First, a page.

By a vote of 291-127, the U.S. House of Representatives has approved H.R.3915 – the Mortgage Reform and Anti-Predatory Lending Act of 2007.
According to the bill's text, its general purpose is "to amend the Truth in Lending Act to reform consumer mortgage practices and provide accountability for such practices, to establish licensing and registration requirements for residential mortgage originators, to provide certain minimum standards for consumer mortgage loans, and for other purposes."
Among a series of other measures, the legislation "prohibits steering incentives to mortgage originators, including incentive compensation and any yield spread premium based on, or varying with, the terms of a residential mortgage loan," as well as requires certain licensing and registration requirements for mortgage originators.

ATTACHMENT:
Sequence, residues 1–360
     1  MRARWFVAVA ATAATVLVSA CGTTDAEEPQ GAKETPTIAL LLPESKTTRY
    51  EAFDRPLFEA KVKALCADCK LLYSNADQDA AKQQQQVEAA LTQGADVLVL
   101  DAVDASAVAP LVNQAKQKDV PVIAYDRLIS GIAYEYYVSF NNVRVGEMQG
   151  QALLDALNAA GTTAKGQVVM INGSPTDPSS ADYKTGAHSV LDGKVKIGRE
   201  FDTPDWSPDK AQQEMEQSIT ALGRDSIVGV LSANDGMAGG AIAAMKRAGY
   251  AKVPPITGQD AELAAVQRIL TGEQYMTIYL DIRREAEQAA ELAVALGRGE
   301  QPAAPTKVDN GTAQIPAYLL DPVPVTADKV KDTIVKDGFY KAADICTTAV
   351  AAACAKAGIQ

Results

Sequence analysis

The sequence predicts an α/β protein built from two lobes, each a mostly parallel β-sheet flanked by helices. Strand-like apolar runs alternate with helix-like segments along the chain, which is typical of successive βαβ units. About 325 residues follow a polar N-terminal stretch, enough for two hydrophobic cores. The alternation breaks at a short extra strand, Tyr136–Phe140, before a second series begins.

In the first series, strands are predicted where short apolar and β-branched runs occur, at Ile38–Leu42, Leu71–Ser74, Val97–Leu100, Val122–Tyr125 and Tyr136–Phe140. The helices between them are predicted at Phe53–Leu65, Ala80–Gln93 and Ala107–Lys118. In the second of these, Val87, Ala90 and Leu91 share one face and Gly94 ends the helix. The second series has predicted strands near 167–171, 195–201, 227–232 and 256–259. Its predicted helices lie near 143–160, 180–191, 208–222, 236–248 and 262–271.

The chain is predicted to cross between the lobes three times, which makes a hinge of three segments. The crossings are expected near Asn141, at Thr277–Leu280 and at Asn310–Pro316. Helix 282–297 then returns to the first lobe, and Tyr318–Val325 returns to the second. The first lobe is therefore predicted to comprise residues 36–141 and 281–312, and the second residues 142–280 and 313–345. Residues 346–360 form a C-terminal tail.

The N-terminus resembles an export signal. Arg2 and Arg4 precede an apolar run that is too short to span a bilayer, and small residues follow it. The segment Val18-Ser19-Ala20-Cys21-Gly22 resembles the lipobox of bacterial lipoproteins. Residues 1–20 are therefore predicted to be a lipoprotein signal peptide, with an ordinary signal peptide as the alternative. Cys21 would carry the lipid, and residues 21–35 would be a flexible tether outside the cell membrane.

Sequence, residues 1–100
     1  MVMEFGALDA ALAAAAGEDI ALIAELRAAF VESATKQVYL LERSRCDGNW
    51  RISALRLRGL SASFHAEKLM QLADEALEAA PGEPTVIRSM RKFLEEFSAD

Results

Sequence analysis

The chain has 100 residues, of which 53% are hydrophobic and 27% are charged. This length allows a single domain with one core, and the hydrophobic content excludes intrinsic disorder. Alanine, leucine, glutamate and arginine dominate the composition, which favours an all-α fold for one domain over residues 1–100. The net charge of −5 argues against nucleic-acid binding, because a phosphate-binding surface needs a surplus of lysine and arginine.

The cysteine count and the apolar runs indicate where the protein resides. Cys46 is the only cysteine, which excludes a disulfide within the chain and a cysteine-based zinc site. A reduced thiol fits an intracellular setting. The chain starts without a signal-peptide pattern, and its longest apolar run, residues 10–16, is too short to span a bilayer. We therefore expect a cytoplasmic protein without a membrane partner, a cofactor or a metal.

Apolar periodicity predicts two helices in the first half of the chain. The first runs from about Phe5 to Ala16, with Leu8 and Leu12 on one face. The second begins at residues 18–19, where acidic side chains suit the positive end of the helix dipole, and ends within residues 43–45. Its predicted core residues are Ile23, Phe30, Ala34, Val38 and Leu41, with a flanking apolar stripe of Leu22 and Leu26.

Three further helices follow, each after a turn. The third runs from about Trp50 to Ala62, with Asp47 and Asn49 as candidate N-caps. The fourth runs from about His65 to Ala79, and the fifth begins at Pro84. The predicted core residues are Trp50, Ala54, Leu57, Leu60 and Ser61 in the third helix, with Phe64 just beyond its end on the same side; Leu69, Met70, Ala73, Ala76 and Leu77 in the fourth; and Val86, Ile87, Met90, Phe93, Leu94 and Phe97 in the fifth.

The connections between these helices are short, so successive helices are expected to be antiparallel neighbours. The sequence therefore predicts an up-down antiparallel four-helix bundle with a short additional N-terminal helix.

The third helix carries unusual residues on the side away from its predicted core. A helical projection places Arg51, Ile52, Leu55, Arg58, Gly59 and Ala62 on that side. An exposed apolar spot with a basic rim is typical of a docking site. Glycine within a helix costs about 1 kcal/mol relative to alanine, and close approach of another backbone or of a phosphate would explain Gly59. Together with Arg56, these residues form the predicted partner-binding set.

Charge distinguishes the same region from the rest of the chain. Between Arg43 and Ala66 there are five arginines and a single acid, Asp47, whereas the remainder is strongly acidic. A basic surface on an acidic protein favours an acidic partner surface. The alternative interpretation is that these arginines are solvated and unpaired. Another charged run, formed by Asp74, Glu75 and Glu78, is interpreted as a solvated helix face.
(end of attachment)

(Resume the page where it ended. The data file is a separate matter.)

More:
The bill additionally establishes minimum repayment standards for mortgages; prohibits refinancing that does not benefit the borrower; holds securitizers liable for particular loan-related violations; and proscribes certain prepayment penalties, premium credit insurance, mandatory arbitration and negative-amortization loans.
H.R.3915 sets forth further requirements relating specifically to high-cost mortgages: Forbidden practices include "recommending default on an existing loan or other debt before and in connection with closing of a high-cost mortgage that refinances all or any portion of such existing loan or debt; (2) imposing late fees except according to specified requirements; (3) exercising sole discretion to accelerate indebtedness; (4) financing points and fees; (4) structuring certain transactions and reciprocal arrangements to evade the requirements and prohibitions of this Act; and (5) charging certain modification or deferral fees, and fees for notification of payoff information."